Rancho Buena Vista High School Adds Three JVC ProHD Cameras to New TV Studio

JVC Professional Video, a division of JVCKENWOOD USA, announced Rancho Buena Vista High School in Vista, Calif., is using three ProHD GY-HM890 shoulder-mount camcorders as studio cameras for its new TV/film studio, as well as three JVC GY-HM170 4KCAM compact handheld camcorders for field productions.

One of three high schools in the Vista Unified School District in San Diego County, RBV is the only one with a studio. The production space, which students began using in November, was built in three adjoining classrooms, allowing space for a studio, NLE computer lab, and control room with enough space to accommodate an entire class.

The three GY-HM890 studio cameras are equipped with ProHD monitors and studio controls, Fujinon 20x lenses, and Prompter People prompters. Three days per week, students produce a live-to-tape news program, RBVTV, which is posted to YouTube. Plus, through a pilot internship program, 10 students are producing almost two dozen promotional videos for the Vista Chamber of Commerce this year.

With no lighting grid in the converted classroom, there has been extensive experimentation with lighting in the studio space. Chris Tompkins, career technical education (CTE) instructor who teaches TV and film classes, says the JVC cameras have “worked really well, regardless of the lighting situation.”

Beyond the studio, RBV students use the new GY-HM170s for ENG and multi-camera productions. When used as part of the school’s new mobile production unit, the cameras are connected to a NewTek TriCaster Mini via HDMI, and students use monopods for stability.

Craig Claytor of PAC Engineering, a design engineering firm in San Diego, recommends the JVC cameras for the RBV project. He praises JVC’s service, pre-sales support, and value. “No other manufacturer offers the picture quality, features, and signal output options as the JVC cameras in the same price range,” he notes.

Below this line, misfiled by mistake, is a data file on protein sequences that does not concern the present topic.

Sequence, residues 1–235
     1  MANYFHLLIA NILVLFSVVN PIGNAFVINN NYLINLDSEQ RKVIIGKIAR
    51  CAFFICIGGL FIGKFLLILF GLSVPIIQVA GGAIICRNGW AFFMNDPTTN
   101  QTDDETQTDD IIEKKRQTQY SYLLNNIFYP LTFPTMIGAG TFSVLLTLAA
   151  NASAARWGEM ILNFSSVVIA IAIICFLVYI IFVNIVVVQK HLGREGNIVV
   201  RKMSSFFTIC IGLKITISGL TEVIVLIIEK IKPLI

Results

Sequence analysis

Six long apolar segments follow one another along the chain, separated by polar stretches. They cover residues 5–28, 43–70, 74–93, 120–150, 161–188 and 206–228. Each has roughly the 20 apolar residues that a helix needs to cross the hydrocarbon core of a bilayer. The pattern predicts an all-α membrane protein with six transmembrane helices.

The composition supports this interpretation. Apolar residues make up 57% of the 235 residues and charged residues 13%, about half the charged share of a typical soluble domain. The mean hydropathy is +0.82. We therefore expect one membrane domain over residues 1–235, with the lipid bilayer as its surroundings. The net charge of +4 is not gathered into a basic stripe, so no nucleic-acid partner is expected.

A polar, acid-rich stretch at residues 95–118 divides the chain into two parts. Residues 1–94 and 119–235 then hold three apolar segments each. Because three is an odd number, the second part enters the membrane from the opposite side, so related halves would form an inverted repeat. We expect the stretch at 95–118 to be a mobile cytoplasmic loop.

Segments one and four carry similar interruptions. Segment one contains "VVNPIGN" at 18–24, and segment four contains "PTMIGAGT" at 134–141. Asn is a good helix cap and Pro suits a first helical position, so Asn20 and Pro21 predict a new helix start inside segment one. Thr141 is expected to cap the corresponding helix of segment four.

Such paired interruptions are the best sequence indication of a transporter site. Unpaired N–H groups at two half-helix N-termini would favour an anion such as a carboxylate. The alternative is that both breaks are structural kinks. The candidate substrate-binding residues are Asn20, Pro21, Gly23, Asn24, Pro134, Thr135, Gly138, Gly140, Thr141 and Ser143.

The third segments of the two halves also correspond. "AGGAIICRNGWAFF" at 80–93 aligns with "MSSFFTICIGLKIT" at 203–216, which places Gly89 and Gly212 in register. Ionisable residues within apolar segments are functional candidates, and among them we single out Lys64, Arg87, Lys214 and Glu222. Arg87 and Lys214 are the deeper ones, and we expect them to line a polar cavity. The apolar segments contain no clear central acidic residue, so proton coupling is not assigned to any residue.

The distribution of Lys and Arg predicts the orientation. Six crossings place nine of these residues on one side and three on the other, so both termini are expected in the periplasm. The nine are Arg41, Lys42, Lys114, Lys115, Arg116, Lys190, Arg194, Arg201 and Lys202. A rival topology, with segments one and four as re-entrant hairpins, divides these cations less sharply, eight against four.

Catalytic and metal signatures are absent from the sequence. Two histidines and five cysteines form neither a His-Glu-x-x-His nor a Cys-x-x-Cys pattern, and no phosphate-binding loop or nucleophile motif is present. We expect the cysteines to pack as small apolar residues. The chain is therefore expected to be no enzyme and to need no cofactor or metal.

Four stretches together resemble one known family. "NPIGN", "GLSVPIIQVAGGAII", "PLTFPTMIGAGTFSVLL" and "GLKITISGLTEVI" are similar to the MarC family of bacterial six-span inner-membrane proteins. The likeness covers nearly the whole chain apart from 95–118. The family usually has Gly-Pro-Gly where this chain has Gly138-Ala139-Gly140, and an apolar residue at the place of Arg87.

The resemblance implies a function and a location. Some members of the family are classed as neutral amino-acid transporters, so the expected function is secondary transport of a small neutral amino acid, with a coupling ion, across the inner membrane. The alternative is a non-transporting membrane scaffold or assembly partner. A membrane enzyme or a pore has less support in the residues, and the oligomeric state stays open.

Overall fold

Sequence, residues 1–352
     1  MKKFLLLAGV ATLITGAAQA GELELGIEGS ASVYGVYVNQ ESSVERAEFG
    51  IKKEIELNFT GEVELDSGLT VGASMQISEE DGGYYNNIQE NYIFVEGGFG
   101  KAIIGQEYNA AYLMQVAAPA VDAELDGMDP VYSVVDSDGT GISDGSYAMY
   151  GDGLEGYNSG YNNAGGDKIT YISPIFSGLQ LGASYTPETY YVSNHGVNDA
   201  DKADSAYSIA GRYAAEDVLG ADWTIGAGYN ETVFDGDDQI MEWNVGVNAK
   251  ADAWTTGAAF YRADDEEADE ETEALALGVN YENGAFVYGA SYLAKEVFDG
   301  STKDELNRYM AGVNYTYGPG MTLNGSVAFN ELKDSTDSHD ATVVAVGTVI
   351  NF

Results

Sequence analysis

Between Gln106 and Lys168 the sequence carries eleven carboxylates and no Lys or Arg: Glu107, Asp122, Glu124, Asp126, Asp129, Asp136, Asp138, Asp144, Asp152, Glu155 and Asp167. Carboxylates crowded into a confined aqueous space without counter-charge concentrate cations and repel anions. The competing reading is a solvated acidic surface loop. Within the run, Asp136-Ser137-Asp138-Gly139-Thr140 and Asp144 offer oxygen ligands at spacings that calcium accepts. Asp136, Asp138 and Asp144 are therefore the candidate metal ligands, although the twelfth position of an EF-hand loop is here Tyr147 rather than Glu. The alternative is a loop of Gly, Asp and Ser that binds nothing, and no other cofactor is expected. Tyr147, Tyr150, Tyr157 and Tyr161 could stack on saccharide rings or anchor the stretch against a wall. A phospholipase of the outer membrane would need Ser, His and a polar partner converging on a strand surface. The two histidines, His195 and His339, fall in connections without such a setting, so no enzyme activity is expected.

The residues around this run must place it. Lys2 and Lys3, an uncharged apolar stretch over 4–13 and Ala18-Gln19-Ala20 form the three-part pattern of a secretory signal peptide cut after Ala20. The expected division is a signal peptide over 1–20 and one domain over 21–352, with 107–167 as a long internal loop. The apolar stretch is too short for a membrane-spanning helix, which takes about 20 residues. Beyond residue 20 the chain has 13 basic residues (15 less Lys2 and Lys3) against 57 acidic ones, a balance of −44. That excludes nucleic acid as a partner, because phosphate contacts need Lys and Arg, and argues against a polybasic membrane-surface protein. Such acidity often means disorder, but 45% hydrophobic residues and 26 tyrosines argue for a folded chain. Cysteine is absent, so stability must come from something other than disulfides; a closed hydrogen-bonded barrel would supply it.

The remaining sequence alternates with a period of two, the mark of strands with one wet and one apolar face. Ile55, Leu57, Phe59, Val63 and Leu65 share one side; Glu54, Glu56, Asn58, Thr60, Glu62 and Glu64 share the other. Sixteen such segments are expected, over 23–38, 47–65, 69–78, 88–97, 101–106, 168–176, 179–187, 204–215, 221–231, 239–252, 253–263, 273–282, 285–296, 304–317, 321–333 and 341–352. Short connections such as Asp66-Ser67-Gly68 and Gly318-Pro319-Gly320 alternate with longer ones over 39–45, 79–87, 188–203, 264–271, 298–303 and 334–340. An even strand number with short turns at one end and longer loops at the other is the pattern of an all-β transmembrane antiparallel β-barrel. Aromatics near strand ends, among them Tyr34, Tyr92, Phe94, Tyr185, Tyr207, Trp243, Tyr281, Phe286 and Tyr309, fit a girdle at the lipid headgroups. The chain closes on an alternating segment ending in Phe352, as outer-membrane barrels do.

RBV’s first remote setup was at last year’s homecoming game, where students focused on the halftime show and homecoming court. Since then, students have produced multi-camera, live-to-tape coverage of two fundraisers, a staff/student basketball game fundraiser, and a talent show. Highlights were also shared on RBVTV. Tompkins said more remote shoots are planned for the 2019-2020 school year.

“We really like how light it is,” Tompkins says of the GY-HM170. “We love the option of live streaming and we like the multiple recording formats. It gives us a lot of versatility – and to get an image of that quality for that price, you can’t beat it.”

The new studio and equipment were funded through the California Career Technical Education Incentive Grant program, which awarded $3.5 million to the school district for various projects. According to Kelly McKinney, CTE coordinator, the TV/film program already has maximum enrollment across all five sections.

Both sets of JVC cameras – along with NewTek switchers, Yamaha audio mixers, and Adobe Studio and Final Cut Pro NLE software – are part of an overall strategy to provide real-world production experience for students. “Our students are supposed to use industry standard equipment,” Tompkins explains. “Once they graduate, they have all this experience using professional tools. Our alumni were so excited to see the equipment that we’re using and were really impressed with the quality.”

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